Once more East Midlands based promoter Cosmic American re-instated their long association with Andrew and on this occasion arranged two shows in their twin bases of Birmingham and Nottingham. It was around two and a half years ago when the West Midlands last made the tour agenda. The first good news is that this renewal in the studio of The Glee Club doubled the turnout to that of the Hare and Hounds in 2014. To build on this enhancement, a full band was in tow, perhaps just missing some pedal steel or keys element. Anyhow those present were treated to a framed sample of what Andrew does best and a decent spread of songs across the three records adorned a set that lasted around ten minutes over the hour mark.
One assertion of seeing Andrew Combs live again is that he works comfortably within the boundaries of both his environment and song style. The sound was finely tuned for this semi-intimate setting with the band only being remotely let off the leash with the penultimate song of the evening, ‘Bourgeois King’. This was a tilt in the direction of a re-enactment of the album version which was in line with the overall feel of the gig. At times you felt you were in a showcase, an experience that is totally valid if you desire an unfiltered listen to an album. However with a view to the limitless appeal of Andrew’s song writing strength, this is no bad environment to be exposed to.
The set rolled out in a simple formulaic manner with the band leaving Andrew to deliver three songs solo midway through. This segment stripped a singer-songwriter down to its bare bones and the impact of listening to these songs in this format was strong. In fact the pick of the set was ‘Rainy Day Song’ from this trio; the opener from the previous album ALL THESE DREAMS and introduced as a co-write with Brent Cobb, who happens to be visiting Birmingham later this month.
Another deviation in the song delivery was the playing of ‘Emily’ towards the end of the set. This rolls out as one of the upbeat numbers complete with an audience friendly chorus, fondly remembered from when Andrew thrilled an arena gathering during his surprise inclusion on the 2016 Country to Country Festival line up.
From the new record, the Glenn Campbell-esque ‘Rose Colored Blues’ opened the set and appealed high alongside encore choice ‘Hazel’. We were also treated to a couple of tracks from the aforementioned previous album with ‘Suwannee County’ taking the gig crown of a song elevated to another level by a live rendition. Generally the chat was kept to a minimum in this concise show, but amongst a series of short insights we learned that ‘Better Way’ was dedicated to his wife and ‘Strange Bird’ was a requested song that rarely makes a European set list.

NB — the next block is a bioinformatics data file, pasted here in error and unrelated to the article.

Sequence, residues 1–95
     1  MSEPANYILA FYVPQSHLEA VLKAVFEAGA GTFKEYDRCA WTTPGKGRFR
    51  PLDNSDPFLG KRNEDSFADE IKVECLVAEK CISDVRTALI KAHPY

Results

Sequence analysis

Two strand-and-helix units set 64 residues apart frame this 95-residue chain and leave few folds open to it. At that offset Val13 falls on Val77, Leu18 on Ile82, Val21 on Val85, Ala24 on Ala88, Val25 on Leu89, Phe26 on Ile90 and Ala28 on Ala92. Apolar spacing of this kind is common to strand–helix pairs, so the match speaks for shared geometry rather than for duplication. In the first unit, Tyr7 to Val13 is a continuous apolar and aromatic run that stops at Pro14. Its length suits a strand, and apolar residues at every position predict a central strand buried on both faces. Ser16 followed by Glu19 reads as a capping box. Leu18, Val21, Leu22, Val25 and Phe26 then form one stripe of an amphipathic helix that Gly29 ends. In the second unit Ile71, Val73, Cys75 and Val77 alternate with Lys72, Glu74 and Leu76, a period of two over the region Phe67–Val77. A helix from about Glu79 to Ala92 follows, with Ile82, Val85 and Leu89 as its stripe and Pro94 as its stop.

While there was an element of conservatism in the main set, opening act Paul Cauthen continually pushed boundaries during an extended support slot. The use of a powerful voice and a playing style that breathed new life into an acoustic guitar kept the audience alert during the set. The usual term warm up could possibly be shelved to describe this performance as the temperature control button was continually raised. It was certainly a cut above the level of your jobbing opener and repeatedly threw up images of what a modern day Elvis or Johnny Cash would be trying to do if they were treading the indie boards in 2017. Texas based Cauthen was promoting his latest record MY GOSPEL and the extended preview he gave both it and his style would have certainly done no harm to potential album sales.
CANYONS OF MY MIND has already been anointed the top album title of the year. Where the actual record and gig sits when the dust settles remains to be seen but enjoying the present should be preserved. The album has garnered many enjoyable listens since release and this Birmingham show evolved into an intimate insight into why Andrew Combs is a singer-song writer of the highest calibre. Showcase or gig, the evening was a relevant piece of the 2017 musical adventure jigsaw.